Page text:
In other words, if a hero is to impress me in the long run, he must demonstrate the ability to learn from his own mistakes so he doesn’t keep getting caught in the same sort of trap, over and over and over and over again, without the experience ever having any perceptible effect on his brain cells. And if he got caught off-guard by a new villain the first couple of times they fought, the hero should eventually come up with some sort of plan that takes the villain’s specific strengths and weaknesses into account.
To offer a few examples . . .
Stan Lee used to take that kind of “learning curve” concept into account in his plots in the early years of the “Amazing Spider-Man.”
Routinely, Spidey would bump into some colorful new bad guy and would take a poke at him, figuring he could put this latest costumed nutcase on ice in about ten seconds flat — and then he’d call it a night.
Routinely, Spidey would then suffer the humiliation of getting beaten till he was black-and-blue (or suffered a nasty electrical shock that knocked him flat, or whatever the villain’s schtick was) and the villain would sneer and make his getaway. Spidey would be badly shaken by the experience.
But eventually Spidey would start thinking long and hard about the lessons to be learned from this, and would come up with a new gadget or tactic to shift the odds the next time they tangled, usually resulting in a stunning “surprise victory for the underdog” in the rematch!
As one of the earliest examples: In “Amazing Spider-Man #3,” right after his first humiliating clash with Doc Ock, Peter Parker was down in the dumps. He only found the nerve to seek a rematch after the Fantastic Four’s Human Torch visited Peter’s high school and gave a rousing lecture on the value of stubborn perseverance in the face of adversity, et cetera. Since Peter was in plainclothes at the time of the lecture, Johnny didn’t have a clue what was going on when, at the very end of the tale, Spidey (having finally clobbered Doc Ock) dropped in on him just long enough to offer some heartfelt gratitude for all the help Torchy had been to him.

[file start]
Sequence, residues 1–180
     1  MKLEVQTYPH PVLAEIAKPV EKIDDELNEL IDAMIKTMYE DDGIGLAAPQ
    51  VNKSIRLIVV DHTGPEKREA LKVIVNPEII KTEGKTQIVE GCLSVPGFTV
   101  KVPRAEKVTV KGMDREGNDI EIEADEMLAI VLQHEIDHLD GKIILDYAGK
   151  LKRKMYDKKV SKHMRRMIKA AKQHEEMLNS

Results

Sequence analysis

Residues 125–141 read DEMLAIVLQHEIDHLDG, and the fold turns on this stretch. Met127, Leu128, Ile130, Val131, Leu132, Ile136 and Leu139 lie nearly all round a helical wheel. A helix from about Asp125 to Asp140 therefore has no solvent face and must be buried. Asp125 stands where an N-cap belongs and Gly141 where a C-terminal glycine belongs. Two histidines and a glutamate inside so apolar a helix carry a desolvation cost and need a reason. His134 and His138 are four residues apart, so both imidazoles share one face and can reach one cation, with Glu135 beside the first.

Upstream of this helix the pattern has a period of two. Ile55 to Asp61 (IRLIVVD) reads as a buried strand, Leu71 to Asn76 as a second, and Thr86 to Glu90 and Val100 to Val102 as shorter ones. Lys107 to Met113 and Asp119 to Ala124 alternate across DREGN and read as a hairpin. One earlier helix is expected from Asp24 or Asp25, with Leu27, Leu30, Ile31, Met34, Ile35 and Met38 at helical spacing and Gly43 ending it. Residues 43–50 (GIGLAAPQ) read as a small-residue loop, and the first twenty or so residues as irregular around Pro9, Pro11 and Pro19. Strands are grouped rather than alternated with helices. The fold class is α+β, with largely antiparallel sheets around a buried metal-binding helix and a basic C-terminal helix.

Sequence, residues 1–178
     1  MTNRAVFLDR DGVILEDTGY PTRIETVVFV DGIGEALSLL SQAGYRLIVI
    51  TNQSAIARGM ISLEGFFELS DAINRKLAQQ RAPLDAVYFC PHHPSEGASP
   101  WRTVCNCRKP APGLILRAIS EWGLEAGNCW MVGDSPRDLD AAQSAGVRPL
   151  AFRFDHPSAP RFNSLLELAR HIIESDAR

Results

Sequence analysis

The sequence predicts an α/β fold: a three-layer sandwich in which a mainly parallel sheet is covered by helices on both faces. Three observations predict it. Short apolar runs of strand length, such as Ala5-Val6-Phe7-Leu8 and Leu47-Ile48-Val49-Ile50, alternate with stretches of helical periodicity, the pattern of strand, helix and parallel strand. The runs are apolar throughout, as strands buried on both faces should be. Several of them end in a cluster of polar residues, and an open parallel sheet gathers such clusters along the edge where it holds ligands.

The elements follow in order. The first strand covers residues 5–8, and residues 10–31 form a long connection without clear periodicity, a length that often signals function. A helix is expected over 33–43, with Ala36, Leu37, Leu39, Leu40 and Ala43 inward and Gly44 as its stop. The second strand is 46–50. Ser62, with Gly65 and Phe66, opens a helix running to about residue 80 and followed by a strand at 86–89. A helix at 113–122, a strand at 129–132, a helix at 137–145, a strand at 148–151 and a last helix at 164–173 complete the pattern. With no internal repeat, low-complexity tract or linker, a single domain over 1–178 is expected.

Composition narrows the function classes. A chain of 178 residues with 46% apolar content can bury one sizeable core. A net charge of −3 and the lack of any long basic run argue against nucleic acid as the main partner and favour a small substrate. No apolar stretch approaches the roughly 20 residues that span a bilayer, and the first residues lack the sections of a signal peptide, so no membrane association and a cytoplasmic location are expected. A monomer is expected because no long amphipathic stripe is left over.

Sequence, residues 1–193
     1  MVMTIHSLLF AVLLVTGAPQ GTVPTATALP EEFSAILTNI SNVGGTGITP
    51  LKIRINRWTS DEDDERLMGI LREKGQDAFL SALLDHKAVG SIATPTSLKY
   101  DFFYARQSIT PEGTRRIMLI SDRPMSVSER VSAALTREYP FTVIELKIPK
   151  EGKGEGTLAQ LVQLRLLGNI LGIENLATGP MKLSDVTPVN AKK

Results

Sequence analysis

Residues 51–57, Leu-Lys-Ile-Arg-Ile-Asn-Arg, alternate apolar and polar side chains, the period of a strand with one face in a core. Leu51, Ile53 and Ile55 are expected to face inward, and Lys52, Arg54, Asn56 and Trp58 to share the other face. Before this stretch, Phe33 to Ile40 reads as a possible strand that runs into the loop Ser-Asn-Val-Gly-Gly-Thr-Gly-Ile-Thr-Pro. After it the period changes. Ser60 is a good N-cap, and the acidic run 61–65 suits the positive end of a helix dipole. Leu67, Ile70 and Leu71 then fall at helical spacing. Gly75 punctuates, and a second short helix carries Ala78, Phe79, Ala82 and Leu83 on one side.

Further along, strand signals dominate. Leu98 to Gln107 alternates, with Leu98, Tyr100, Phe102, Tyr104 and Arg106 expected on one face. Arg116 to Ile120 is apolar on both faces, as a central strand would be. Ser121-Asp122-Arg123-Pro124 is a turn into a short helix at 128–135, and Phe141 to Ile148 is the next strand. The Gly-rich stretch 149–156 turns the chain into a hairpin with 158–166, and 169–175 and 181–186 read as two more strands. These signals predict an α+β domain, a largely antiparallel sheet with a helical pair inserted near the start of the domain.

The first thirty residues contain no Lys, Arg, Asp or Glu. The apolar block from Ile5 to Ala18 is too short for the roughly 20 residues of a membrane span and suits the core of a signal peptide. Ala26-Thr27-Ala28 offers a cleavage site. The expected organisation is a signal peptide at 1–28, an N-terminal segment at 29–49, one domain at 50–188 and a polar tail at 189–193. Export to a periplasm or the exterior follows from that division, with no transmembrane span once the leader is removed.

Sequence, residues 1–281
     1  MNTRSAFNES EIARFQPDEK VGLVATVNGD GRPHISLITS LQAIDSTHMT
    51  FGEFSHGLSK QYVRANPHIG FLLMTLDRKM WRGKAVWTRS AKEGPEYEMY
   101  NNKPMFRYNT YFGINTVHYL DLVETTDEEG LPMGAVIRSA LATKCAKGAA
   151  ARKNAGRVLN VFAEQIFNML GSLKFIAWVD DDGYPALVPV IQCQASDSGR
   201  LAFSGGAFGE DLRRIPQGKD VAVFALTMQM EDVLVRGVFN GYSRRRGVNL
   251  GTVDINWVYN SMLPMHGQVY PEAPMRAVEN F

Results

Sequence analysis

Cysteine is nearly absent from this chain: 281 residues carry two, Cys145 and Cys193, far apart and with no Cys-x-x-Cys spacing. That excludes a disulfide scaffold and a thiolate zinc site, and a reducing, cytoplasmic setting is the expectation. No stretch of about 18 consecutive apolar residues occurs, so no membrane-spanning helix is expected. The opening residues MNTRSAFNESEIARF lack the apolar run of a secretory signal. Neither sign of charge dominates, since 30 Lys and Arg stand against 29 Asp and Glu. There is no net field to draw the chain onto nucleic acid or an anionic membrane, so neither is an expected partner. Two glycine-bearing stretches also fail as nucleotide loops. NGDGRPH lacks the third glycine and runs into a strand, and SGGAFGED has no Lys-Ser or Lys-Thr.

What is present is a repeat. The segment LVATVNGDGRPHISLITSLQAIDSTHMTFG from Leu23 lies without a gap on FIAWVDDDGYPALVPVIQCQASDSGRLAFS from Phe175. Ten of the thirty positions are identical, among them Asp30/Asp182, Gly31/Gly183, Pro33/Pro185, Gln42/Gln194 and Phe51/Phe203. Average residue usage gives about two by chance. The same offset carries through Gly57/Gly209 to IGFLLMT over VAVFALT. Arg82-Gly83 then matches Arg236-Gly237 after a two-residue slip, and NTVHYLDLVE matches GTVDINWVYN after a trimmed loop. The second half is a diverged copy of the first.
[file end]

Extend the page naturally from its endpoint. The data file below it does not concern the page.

On the other hand! As a kid, I used to be bothered by all the times the Pre-Crisis Superman totally failed to learn from experience regarding the proper way to fight bad guys who might have kryptonite up their sleeves. It seemed to me that it usually worked something like this: Superman would see criminals running away from a bank robbery, and would fly down toward them, moving slowly enough that they had all the time in the world to see him coming and react by pulling out a lead box which they opened to reveal a chunk of kryptonite . . . or some other fancy weapon that could actually knock him for a loop if it scored a direct hit on his body, or whatever.
Logically, if Superman is faster than a speeding bullet, “ordinary” human crooks who only have the reflexes of regular people should be totally unable to see him coming, much less find the time to pull out and aim their Anti-Superman-Weapons, before he has already searched them for such weapons with his X-ray vision; stripped them of mysterious lead boxes, fancy death-ray-pistols, powered armor, or other nasty tricks; handcuffed them; and deposited them at the nearest police station, all of which should have taken the Pre-Crisis, “I-can-fly-faster-than-lightspeed!” Superman about .0001 seconds.
Unless, of course, Superman had a death wish and was deliberately going in slow and dumb to make himself as much of an easy target as possible . . . or was just too clueless to ever learn from painful experience? (The latter seemed to be the case.) I preferred, and still prefer, such heroes as Batman and Spider-Man and others who aren’t naturally bulletproof, can’t move faster than the human eye can see, and thus have an easier time of persuading me that they are bravely doing “their very best” against nasty odds without deliberately handicapping themselves by moving much slower in a fight than they could if they really cared about efficiency!